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    Pet Travel To EU



    Pet travel to any member country of the European Union requires tedious preparation to ensure a smooth transition for your animal(s). The EU differentiates between pets traveling within its member nations (and some non-EU members), "third" countries of origin, and commercial and non-commercial entry. Of most interest to leisure travelers, are the EU regulations for non-commercial movement of pets from non-European countries.


    In Ireland, pets from outside (non-EU) countries may be quarantined for as long as six months.



    • Animal Type

    EU regulations on pet travel only refer to the travel of dogs, cats, and ferrets. Authorized entry for birds and other exotic animals is approved on a case-by-case basis in a process which may begin by contacting your nearest U.S. Embassy (or the embassy of your destination country) to determine which, if any, protocol may be followed.


    • Commerical and Non-Commercial

    Pursuant to EU regulations, five or fewer pets is considered non-commercial, while more than five pets falls under commercial regulations (different than non-commercial regulations).


    • "Third" Country

    The EU considers a "third" country to be any country that is not one of its member states nor one of the following non-EU countries: Andorra, Liechtenstein, Iceland, Norway, Monaco, The Vatican, Switzerland, or San Marino. The rules of third countries are then divided into those with a favorable situation with regard to rabies, and those with an unfavorable situation with regard to rabies. 


    • Rabies

    Travelers will find that rabies is the heaviest concern of foreign pet entry into the EU. Regulations and procedures for transporting animals to the EU is focused heavily on disproving rabies in the animal, and proving rabies vaccination. Obtain (and copy) official documentation regarding your pet's rabies vaccination. Speak to your veterinarian about the need for certified documentation for travel to the EU.


    • Health Certificate

    A health certificate is required for non-commercial transport of pets entering the EU, just as it is required for pets to travel within the U.S. However, in this case, the EU has a specific single-sheet form (available on the EU's official EUROPA website) that must be filled out and certified. Vaccination details and the results of a serological test must be attached to the certified health certificate. This documentation must be obtained within 10 days of travel.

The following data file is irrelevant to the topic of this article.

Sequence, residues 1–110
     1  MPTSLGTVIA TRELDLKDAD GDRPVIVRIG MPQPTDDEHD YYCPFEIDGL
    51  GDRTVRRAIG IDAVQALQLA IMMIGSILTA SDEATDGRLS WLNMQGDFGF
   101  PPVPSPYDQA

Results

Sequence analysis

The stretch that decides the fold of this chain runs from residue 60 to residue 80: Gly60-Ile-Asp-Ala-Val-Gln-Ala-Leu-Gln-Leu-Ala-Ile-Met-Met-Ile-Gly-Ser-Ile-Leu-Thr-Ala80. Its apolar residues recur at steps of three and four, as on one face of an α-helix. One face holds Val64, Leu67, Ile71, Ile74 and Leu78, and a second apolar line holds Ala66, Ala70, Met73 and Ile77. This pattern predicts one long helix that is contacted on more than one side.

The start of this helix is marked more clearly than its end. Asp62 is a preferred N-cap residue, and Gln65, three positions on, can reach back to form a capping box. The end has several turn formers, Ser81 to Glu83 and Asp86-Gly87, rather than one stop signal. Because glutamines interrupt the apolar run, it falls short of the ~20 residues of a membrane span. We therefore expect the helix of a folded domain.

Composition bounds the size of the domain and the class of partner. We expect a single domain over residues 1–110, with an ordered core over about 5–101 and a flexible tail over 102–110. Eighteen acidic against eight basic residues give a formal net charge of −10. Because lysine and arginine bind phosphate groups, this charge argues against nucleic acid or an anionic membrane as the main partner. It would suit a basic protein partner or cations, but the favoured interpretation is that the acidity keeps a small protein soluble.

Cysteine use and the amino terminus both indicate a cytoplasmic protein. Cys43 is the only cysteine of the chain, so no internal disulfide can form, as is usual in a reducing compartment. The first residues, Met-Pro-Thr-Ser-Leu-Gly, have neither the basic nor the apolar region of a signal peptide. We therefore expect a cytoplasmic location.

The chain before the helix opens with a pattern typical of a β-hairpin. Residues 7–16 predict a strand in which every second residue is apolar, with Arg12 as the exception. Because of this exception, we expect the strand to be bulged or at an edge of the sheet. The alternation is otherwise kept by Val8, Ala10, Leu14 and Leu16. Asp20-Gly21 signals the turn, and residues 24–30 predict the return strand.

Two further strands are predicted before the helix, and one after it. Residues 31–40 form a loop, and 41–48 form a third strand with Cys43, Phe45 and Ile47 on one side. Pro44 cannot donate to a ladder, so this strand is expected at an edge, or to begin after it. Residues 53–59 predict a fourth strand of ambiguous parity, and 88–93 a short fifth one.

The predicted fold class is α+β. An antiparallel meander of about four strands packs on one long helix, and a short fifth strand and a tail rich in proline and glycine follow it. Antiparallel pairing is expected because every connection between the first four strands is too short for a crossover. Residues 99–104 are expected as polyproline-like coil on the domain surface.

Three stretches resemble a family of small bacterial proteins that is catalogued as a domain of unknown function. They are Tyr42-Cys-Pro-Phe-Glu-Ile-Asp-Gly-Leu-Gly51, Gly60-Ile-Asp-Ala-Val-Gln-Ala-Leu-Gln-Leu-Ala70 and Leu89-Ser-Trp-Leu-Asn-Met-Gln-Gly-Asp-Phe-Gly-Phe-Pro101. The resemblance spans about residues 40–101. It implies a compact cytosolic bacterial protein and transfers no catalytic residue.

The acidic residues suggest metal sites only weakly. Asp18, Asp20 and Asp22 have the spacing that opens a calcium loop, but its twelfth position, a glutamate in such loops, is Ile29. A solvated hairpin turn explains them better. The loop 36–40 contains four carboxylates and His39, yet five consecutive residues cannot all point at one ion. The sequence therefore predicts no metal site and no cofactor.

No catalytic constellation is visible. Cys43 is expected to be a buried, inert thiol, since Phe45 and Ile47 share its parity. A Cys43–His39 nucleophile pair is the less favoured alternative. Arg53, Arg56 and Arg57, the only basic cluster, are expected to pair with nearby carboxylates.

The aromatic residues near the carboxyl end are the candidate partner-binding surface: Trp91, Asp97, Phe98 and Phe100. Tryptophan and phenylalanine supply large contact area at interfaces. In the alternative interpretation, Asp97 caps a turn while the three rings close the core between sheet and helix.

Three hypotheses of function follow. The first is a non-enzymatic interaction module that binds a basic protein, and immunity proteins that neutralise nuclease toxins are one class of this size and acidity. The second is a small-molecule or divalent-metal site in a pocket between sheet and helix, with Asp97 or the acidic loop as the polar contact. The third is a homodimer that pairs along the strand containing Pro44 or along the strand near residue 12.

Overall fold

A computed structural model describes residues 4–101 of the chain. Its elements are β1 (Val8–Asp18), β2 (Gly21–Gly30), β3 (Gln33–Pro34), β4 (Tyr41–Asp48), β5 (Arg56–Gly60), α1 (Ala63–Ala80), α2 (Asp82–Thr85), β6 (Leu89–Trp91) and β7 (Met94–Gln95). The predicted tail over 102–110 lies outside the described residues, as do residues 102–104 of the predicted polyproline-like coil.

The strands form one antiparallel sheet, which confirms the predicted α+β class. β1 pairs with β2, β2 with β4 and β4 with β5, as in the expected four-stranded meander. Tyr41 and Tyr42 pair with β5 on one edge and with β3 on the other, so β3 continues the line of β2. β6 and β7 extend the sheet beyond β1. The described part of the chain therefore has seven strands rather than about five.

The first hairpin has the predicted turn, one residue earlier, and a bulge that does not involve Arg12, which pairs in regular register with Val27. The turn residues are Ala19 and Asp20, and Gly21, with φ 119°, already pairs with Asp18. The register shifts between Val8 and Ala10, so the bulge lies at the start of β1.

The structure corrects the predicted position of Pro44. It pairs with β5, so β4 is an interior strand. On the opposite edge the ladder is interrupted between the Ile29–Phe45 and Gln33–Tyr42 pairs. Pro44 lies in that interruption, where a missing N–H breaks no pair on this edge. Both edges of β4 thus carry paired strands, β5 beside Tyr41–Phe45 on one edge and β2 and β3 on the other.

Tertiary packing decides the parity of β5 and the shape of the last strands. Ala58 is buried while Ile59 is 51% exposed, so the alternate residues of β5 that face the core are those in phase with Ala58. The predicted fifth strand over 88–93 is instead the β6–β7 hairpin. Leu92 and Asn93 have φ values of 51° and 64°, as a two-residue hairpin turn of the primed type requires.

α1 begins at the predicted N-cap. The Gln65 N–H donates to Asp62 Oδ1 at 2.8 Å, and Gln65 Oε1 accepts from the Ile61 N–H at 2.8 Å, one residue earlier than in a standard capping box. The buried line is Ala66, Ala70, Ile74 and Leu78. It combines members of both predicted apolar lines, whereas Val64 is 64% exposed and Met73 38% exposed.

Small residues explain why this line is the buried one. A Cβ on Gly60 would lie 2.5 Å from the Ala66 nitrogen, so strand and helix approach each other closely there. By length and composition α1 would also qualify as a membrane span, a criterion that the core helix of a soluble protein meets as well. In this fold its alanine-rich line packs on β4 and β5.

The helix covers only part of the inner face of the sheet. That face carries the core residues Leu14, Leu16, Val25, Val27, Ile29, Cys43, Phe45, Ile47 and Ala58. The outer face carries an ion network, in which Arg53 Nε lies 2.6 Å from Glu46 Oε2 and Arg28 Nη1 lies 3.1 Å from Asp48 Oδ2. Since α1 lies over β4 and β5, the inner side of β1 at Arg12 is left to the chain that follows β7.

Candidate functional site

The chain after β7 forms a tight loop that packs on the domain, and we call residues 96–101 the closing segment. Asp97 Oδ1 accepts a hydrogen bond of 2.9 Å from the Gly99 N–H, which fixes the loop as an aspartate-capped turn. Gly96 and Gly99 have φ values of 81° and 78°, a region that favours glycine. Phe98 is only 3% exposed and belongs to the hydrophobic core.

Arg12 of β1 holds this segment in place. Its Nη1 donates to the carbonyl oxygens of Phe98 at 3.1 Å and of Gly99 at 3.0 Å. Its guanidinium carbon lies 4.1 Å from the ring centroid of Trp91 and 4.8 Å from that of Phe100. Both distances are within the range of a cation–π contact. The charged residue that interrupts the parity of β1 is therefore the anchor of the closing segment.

• The UK, Ireland, Finland, Malta, and Sweden

    Entry into these countries requires additional documentation for your pets. Documentation that shows the efficacy of vaccines, as well as anti-tapeworm and anti-tick treatment are required to enter these EU countries.


    • Identification

    An increasing number of EU countries require an animal to have electronic identification (a microchip). Tattoo identification on an animal will only be accepted until July 3, 2011, according to the EU's EUROPA website, although this does not include movements to the UK, Malta and Ireland. Check with the embassy of the destination country regarding the microchip protocol.


    • Air Travel

    Each airline has specific policies regarding animal transport, although most do not deviate significantly from the general standards of the Federal Aviation Administration (FAA). Check with your airline regarding kennel requirements, pet documentation, and restrictions for transporting your pet as carry-on luggage, check-in luggage, or air cargo, as air travel for pets involves strict specifications.



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